Brexit shadow lingers over Irish ad market, says Core Media

Advertising group saw turnover rise 15% last year, but weak sterling has derailed growth

Core Media chief executive Alan Cox: “It is very unusual in the economic cycle for advertising not to be tracking growth.”

Core Media chief executive Alan Cox: “It is very unusual in the economic cycle for advertising not to be tracking growth.”

 

Operating profit at Core Media rose 37 per cent to almost €3.1 million in 2016, but an “unusual” 2017 means the advertising group’s billings are likely to be flat this year.

The group, which is the largest buyer of advertising in Ireland, had turnover of €222 million in 2016, up 15 per cent on the year before, according to accounts for Core Media Communications SJRQ Limited filed to the Companies Office. Net profits increased 66 per cent to €2.2 million.

Core Media chief executive Alan Cox said 2016 was a “a good year” for the group, but this year would be “flat” in terms of billings. “Brexit is the main factor,” he said.

The Irish ad market as a whole is on track to be down as a result of a poor first half in which UK-based advertisers were more cautious about their spending, while the value of their budgets in the Irish market was hurt by sterling’s weakness.

“Considering the fact that the economy is growing by 5 per cent, it is very unusual in the economic cycle for advertising not to be tracking growth,” Mr Cox said.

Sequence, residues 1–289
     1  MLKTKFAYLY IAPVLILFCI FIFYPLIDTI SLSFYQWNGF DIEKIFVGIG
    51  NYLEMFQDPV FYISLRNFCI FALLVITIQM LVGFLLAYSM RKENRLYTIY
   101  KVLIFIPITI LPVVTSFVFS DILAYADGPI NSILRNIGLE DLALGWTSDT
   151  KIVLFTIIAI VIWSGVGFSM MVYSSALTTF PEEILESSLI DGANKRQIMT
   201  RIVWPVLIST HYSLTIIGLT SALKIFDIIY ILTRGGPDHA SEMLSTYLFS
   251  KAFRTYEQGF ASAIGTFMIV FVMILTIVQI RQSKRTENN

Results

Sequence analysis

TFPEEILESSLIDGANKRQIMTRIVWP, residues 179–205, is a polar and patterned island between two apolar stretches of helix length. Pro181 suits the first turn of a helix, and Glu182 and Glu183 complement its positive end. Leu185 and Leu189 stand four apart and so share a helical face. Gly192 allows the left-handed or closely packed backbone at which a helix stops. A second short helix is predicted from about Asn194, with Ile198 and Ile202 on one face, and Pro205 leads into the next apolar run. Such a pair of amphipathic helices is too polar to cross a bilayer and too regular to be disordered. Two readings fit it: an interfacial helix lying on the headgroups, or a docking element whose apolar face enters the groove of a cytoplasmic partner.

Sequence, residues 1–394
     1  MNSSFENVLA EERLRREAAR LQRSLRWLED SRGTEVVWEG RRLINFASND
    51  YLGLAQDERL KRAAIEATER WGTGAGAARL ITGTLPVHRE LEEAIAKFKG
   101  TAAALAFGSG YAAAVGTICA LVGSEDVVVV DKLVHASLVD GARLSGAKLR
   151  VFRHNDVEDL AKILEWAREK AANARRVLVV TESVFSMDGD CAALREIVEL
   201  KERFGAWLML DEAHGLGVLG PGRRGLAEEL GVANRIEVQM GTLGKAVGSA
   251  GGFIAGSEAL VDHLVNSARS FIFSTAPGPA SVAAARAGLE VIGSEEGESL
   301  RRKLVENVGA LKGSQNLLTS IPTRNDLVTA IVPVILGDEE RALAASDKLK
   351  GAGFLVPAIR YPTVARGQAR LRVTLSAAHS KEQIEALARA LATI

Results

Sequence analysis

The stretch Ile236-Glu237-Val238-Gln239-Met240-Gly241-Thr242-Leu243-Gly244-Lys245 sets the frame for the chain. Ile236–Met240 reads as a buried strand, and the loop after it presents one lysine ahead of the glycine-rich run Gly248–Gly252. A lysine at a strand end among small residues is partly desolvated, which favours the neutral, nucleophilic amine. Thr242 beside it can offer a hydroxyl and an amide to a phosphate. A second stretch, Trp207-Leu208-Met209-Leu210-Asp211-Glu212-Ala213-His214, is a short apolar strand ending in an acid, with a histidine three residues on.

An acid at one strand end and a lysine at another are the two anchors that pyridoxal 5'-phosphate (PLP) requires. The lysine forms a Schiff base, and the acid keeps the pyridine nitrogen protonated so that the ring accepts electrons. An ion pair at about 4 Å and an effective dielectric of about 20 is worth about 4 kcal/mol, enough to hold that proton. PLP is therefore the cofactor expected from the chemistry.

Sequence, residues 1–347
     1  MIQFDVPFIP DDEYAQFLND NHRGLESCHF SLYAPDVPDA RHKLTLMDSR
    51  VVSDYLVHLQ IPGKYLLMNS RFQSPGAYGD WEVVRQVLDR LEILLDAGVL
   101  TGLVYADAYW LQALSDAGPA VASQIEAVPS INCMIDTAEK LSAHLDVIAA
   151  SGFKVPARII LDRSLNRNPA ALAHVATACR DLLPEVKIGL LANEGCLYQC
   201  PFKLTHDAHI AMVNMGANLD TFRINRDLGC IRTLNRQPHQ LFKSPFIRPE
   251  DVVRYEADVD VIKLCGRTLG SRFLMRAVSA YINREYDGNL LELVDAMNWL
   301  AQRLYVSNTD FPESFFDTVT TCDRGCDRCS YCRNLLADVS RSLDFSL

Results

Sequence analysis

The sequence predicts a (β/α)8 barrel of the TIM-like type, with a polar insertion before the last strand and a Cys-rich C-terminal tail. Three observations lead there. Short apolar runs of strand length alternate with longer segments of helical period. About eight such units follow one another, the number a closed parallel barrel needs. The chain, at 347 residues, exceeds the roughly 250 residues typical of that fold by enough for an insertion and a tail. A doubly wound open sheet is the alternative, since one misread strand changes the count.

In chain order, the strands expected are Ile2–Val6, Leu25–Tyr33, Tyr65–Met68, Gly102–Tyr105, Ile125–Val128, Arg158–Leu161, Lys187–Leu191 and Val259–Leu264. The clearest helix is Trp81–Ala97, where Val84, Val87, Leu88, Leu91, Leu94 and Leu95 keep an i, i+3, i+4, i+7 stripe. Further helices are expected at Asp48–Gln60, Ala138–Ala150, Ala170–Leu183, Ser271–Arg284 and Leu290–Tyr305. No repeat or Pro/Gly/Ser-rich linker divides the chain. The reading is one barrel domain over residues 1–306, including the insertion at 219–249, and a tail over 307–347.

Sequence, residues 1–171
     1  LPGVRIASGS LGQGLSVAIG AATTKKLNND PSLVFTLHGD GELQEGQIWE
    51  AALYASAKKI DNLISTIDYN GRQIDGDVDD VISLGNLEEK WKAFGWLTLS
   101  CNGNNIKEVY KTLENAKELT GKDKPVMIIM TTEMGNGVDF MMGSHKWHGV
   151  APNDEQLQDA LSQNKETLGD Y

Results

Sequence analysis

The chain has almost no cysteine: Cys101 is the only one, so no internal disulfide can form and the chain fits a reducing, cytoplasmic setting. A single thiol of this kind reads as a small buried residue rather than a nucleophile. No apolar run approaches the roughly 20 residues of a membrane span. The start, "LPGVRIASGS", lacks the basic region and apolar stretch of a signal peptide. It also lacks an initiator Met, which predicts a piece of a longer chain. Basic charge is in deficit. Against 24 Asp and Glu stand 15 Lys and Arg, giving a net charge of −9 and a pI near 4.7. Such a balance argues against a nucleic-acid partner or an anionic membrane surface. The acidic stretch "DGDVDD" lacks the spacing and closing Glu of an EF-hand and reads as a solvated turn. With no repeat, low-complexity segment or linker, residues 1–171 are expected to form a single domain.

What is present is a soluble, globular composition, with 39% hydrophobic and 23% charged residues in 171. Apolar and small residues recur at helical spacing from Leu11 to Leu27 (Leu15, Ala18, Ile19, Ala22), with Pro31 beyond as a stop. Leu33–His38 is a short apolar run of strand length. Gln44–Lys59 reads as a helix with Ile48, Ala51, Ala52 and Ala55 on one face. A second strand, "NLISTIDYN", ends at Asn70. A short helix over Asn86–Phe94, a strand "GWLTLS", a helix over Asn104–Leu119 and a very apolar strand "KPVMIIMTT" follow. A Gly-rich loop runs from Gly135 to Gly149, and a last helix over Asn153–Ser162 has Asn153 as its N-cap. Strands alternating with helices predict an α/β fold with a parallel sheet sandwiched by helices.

The trend won’t continue indefinitely, he added. “It’s understandable how it has happened this year, but I think it will correct itself.”

Data science

Core’s main activity is the planning and purchasing of advertising across digital, television, radio and print on behalf of its clients, which include AIB, Musgrave, the National Lottery and Heineken, while it has also expanded into newer areas such as data science.

The group now employs almost 300 people, up from an average of 238 during 2016, which was in turn was up from 192 the year before. Its chairman is Greencore chief executive Patrick Coveney, while French advertising giant Publicis has a minority stake. The company counts Mediavest, Zenith Optimedia, Publicis Engage, Livewire, Radical Media and Ignite Research among its subsidiaries.

The rise in profits in 2016 coincided with the third consecutive year of growth in the Irish advertising market, with Core estimating that the market increased to €886 million, up 3.7 per cent. This rate of market growth was lower than had been expected at the start of 2016, while growth of 3.3 per cent had been pencilled in at the beginning of this year.